If I’m going to the gym now, I drink a glass of water before I go. If I’m going on a long car trip, I fill up a clean glass jug. My mom did that. And we never went thirsty.

WENDY WILLIAMS, who lives in Massachusetts, is co-author of “Cape Wind: Money, Celebrity, Class, Politics and the Battle for Our Energy Future.” She wrote this commentary for the Land Institute’s Prairie Writers Circle, Salina, Kan.

 

 

 

 

 

More articles by:
bernie-the-sandernistas-cover-344x550
November 18, 2019
Olivia Arigho-Stiles
Protestors Massacred in Post-Coup Bolivia
Ashley Smith
The Eighteenth Brumaire of Macho Camacho: Jeffery R. Webber and Forrest Hylton on the Coup in Bolivia
Robert Fisk
Michael Lynk’s UN Report on Israeli Settlements Speaks the Truth, But the World Refuses to Listen
Ron Jacobs
Stefanik Stands By Her Man and Roger Stone Gets Convicted on All Counts: Impeachment Day Two
John Feffer
The Fall of the Berlin Wall, Shock Therapy and the Rise of Trump
Stephen Cooper
Another Death Penalty Horror: Stark Disparities in Media and Activist Attention
Bill Hatch
A New Silence
Gary Macfarlane
The Future Wilderness Under Trump: Recreation or Wreckreation?
Laura Flanders
#SayHerName, Impeachment, and a Hawk
Ralph Nader
The Most Impeachable President vs. The Most Hesitant Congress. What Are The Democrats Waiting For?
Robert Koehler
Celebrating Peace: A Work in Progress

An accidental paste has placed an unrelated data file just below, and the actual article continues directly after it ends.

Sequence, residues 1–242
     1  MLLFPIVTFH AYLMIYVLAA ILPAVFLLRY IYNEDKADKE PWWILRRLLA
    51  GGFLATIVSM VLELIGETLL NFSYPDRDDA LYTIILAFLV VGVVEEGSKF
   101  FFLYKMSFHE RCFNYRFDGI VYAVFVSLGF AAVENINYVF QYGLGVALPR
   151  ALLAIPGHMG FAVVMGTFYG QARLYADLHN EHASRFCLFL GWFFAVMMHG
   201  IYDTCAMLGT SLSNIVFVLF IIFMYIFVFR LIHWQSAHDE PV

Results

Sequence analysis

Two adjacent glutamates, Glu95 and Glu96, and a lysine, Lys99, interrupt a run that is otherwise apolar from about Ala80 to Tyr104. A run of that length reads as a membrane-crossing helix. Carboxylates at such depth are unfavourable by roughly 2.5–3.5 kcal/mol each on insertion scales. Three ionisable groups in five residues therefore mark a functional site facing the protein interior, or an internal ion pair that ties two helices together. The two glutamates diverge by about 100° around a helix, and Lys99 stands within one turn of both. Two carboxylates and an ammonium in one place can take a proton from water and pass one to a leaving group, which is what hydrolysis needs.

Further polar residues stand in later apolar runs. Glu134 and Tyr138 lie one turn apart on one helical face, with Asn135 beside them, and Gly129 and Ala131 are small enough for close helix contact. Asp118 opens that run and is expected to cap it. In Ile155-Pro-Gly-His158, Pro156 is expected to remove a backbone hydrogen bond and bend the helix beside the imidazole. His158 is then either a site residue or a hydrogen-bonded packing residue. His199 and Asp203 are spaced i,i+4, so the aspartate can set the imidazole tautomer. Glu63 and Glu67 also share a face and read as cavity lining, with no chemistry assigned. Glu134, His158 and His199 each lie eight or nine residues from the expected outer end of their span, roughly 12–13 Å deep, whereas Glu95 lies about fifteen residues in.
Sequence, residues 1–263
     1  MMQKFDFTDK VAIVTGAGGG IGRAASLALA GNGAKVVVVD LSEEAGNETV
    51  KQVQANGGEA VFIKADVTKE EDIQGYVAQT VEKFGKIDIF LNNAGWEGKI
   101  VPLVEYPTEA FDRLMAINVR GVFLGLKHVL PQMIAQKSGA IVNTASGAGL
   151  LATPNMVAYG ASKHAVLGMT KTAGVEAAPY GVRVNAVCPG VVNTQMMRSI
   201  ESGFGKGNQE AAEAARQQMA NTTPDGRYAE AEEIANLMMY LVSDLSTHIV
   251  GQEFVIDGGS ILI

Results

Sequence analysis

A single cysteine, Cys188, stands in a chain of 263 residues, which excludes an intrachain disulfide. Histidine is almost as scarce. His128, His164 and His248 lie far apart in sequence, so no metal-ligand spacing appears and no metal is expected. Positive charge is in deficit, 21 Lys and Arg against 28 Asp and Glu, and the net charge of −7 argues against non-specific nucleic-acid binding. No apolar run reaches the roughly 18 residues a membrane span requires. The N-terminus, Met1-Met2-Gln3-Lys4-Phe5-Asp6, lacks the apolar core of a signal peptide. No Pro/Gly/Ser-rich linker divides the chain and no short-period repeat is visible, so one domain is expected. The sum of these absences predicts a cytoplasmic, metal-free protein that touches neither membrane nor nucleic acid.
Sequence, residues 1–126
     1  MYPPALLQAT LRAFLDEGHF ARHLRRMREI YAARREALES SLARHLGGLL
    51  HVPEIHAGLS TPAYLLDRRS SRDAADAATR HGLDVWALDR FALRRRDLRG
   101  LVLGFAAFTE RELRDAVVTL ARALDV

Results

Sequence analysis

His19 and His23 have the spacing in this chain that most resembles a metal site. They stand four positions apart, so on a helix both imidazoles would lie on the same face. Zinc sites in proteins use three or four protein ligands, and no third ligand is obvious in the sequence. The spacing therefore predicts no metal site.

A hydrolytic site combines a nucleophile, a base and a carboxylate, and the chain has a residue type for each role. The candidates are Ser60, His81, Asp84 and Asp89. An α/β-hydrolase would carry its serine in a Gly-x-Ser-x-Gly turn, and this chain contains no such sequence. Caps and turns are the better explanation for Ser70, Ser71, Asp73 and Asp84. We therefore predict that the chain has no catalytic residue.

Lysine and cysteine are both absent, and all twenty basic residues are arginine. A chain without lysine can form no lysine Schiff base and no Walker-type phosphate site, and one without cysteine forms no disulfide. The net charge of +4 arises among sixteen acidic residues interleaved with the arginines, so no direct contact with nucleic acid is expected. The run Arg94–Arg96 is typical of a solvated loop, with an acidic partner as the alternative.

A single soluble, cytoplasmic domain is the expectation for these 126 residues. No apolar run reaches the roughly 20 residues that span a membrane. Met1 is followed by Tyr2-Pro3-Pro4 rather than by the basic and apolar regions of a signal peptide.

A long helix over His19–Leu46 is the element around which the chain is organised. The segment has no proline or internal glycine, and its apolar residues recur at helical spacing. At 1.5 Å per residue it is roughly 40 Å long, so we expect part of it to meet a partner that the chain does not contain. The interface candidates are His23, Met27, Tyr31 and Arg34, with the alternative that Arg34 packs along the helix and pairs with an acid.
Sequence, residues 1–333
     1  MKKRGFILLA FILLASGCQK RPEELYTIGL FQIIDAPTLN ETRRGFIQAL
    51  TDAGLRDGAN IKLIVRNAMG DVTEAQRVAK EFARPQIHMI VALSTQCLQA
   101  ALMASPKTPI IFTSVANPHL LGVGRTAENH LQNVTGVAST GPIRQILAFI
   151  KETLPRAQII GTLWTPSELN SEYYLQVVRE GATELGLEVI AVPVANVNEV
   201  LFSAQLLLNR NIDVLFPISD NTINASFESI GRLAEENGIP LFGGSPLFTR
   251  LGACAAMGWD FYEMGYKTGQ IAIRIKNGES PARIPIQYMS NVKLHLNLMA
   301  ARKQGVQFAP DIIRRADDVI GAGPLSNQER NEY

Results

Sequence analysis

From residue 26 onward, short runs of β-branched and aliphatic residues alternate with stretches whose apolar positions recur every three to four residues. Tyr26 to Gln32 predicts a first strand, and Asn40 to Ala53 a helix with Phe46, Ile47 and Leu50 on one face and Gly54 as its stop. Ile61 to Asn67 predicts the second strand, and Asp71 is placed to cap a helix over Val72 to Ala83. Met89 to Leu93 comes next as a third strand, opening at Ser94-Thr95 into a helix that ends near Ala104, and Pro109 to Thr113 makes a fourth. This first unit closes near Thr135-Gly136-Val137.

Walter Clemens
American Oblivion
Weekend Edition
November 15, 2019
Friday - Sunday
Melvin Goodman
Meet Ukraine: America’s Newest “Strategic Ally”
Rob Urie
Wall Street and the Frankenstein Economy
Jeffrey St. Clair
Roaming Charges: Ukraine in the Membrane
Jonathan Steele
The OPCW and Douma: Chemical Weapons Watchdog Accused of Evidence-Tampering by Its Own Inspectors
Kathleen Wallace
A Gangster for Capitalism: Next Up, Bolivia
Andrew Levine
Get Trump First, But Then…
Thomas Knapp
Trump’s Democratic Critics Want it Both Ways on Biden, Clinton
Ipek S. Burnett
The United States Needs Citizens Like You, Dreamer
Michael Welton
Fundamentalism as Speechlessness
David Rosen
A Century of Prohibition
Nino Pagliccia
Morales: Bolivia Suffers an Assault on the Power of the People
Dave Lindorff
When an Elected Government Falls in South America, as in Bolivia, Look For a US Role
John Grant
Drones, Guns and Abject Heroes in America
Clark T. Scott
Bolivia and the Loud Silence
Manuel García, Jr.
The Truthiest Reality of Global Warming
Ramzy Baroud
A Lesson for the Palestinian Leadership: Real Reasons behind Israel’s Arrest and Release of Labadi, Mi’ri
Charles McKelvey
The USA “Defends” Its Blockade, and Cuba Responds
Louis Proyect
Noel Ignatiev: Remembering a Comrade and a Friend
John W. Whitehead
Casualties of War: Military Veterans Have Become America’s Walking Wounded
Patrick Bond
As Brazil’s ex-President Lula is Set Free and BRICS Leaders Summit, What Lessons From the Workers Party for Fighting Global Neoliberalism?
Alexandra Early
Labor Opponents of Single Payer Don’t  Speak For Low Wage Union Members
Pete Dolack
Resisting Misleading Narratives About Pacifica Radio
Edward Hunt
It’s Still Not Too Late for Rojava
Medea Benjamin - Nicolas J. S. Davies
Why Aren’t Americans Rising up Like the People of Chile and Lebanon?
Nicolas Lalaguna
Voting on the Future of Life on Earth
Jill Richardson
The EPA’s War on Science Continues
Lawrence Davidson
The Problem of Localized Ethics
Richard Hardigan
Europe’s Shameful Treatment of Refugees: Fire in Greek Camp Highlights Appalling Conditions
Judith Deutsch
Permanent War: the Drive to Emasculate
David Swanson
Why War Deaths Increase After Wars
Raouf Halaby
94 Well-Lived Years and the $27 Traffic Fine
Kollibri terre Sonnenblume
Coups-for-Green-Energy Added to Wars-For-Oil
Andrea Flynn
What Breast Cancer Taught Me About Health Care
FacebookTwitterRedditEmail